Pacific Ocean

WATCH: Paddleboarders Spot Giant Ocean Sunfish, ‘Mola Mola,' Off the Coast of Laguna Beach

Two friends paddleboarding along the coast of Southern California on Dec. 2, spotted the massive fish about 200 yards offshore. The Mola mola can weigh more than two tons

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When Rich German was paddling out at sea along the coast of Laguna Beach, he didn't expect to stumble across a "Mola mola," an ocean sunfish.

On Dec. 2, German, founder of Project O and host of Our Epic Ocean podcast, was paddling out with a friend like he regularly does and was at least 200 yards offshore, just south of Main Beach, when he saw the massive fish.

“It was cool, because I've seen over a dozen sunfish over the years, so I knew what it was,” said German.

German said he and his friend Matt Wheaton hung around the Mola mola for about 30 minutes as it gently floated along the surface of the water.

“We just hung out with it until it finally dropped down into the water,” he said.

German said the fish looked really big and estimates it could've been 9 to 10 feet long.

According to National Geographic, the ocean sunfish is the world's largest bony fish and can weigh up to 2.5 tons. “They develop their truncated, bullet-like shape because the back fin which they are born with simply never grows. Instead, it folds into itself as the enormous creature matures, creating a rounded rudder called a clavus.”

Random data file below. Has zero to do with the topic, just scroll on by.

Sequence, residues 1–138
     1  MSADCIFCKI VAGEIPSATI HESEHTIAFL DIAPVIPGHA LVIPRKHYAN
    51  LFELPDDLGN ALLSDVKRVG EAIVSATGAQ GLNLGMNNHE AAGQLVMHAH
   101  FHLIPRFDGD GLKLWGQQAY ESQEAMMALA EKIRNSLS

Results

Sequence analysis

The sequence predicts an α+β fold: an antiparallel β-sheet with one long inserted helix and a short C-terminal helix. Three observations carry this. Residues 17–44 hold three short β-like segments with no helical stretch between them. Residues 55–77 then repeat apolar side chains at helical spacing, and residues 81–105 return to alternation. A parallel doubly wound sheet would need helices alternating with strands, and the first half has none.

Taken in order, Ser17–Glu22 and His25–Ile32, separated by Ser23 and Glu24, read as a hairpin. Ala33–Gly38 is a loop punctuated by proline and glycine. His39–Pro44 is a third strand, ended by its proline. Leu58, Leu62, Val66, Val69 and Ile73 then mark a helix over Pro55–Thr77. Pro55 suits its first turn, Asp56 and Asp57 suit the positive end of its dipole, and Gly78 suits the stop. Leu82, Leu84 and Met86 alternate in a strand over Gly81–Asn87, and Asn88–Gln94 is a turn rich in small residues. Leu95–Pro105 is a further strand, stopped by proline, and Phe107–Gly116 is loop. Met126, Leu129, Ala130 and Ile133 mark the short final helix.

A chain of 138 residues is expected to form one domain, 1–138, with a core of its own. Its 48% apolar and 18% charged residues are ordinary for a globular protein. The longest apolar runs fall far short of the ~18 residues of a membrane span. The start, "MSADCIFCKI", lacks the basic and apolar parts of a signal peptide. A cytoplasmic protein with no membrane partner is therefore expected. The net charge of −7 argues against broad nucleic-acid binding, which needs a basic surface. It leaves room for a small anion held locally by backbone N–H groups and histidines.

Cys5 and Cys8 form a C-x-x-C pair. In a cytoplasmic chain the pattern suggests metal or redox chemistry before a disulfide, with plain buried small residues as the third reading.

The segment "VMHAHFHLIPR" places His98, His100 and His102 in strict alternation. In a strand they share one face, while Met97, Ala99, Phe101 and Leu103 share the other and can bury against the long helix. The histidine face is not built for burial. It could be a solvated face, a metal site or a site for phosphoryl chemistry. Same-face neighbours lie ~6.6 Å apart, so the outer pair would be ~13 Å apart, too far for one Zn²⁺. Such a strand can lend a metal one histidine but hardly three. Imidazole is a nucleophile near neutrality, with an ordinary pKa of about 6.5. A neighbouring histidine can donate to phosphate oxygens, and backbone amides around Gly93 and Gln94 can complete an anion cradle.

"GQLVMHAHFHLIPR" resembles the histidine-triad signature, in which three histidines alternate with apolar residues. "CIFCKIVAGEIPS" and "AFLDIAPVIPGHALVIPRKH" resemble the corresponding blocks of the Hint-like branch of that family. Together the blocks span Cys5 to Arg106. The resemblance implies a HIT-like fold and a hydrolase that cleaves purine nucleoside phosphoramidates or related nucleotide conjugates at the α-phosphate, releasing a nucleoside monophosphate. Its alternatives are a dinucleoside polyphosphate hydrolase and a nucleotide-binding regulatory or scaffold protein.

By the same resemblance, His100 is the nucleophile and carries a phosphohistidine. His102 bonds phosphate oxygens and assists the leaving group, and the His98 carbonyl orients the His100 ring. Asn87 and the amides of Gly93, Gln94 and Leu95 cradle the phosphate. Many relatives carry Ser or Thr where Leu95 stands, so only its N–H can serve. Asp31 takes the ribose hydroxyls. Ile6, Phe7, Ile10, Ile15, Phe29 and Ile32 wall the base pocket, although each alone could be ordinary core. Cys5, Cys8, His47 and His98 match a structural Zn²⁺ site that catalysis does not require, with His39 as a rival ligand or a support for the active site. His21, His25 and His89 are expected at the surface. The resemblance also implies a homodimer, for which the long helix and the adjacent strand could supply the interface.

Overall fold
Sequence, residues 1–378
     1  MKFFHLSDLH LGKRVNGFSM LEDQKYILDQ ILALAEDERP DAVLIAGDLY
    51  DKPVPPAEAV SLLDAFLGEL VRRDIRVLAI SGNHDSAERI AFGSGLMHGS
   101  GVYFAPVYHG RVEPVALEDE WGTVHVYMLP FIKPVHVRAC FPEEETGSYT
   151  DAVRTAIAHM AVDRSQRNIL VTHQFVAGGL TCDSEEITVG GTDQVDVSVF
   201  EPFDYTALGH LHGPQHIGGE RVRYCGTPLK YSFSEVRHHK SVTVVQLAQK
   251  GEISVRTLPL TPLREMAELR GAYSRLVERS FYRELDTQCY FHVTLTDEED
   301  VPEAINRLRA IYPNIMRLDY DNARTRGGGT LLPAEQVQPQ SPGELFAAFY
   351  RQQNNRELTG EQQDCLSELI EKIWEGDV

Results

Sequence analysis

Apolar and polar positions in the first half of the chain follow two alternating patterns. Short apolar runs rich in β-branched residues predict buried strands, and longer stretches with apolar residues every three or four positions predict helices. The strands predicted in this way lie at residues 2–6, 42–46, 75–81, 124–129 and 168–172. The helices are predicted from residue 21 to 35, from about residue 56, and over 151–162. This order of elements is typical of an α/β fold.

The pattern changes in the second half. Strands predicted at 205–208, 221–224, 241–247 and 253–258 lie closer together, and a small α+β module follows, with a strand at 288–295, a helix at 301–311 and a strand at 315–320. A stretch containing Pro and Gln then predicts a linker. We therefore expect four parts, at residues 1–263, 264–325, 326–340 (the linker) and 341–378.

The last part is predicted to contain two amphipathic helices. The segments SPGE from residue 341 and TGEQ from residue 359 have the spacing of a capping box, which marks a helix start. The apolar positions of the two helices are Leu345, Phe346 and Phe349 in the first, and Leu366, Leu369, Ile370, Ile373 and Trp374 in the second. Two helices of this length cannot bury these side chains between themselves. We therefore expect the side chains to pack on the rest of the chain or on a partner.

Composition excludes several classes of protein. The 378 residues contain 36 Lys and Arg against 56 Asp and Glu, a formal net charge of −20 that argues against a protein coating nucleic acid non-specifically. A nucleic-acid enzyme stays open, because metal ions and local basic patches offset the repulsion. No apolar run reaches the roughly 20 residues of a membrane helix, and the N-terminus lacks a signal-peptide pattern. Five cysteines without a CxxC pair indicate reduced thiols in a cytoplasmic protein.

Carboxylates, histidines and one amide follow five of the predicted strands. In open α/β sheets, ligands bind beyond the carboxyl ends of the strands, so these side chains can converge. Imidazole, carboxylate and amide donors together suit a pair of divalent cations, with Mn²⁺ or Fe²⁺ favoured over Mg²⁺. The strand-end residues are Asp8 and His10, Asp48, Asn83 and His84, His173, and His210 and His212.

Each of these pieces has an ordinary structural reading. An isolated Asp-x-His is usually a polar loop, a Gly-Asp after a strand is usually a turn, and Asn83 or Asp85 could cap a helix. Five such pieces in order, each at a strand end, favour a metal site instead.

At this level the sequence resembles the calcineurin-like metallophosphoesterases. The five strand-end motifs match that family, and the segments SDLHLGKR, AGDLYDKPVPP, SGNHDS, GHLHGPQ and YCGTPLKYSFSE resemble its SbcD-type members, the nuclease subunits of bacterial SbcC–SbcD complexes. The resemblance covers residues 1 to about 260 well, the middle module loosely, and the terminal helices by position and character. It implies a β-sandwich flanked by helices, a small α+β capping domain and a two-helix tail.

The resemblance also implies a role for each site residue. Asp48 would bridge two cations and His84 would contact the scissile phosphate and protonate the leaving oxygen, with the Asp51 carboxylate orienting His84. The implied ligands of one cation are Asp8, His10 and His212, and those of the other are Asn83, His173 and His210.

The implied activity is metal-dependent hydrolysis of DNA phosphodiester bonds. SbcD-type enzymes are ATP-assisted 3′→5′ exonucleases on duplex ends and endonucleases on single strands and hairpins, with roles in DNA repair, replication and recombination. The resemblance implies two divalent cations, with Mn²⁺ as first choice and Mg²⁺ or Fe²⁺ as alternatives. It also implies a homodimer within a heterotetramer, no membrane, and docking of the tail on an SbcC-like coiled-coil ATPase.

The giant ocean sunfish, known as the 'Mola mola," floats along in the Pacific Ocean near Laguna Beach, Dec. 2, 2021.

“This story has gone viral and it's cool that people love the ocean, they love the life that lives in the ocean, especially unique things like this,” he said. “I think it's great exposure from the standpoint that the more people love the ocean and the life, the more they want to protect it. We do so much harm to the ocean, so it's good to see a positive story and interest in this crazy-looking fish.”

Mola mola are harmless to people and can be very curious as they often approach divers. These fish can be found in both the Atlantic and Pacific oceans.

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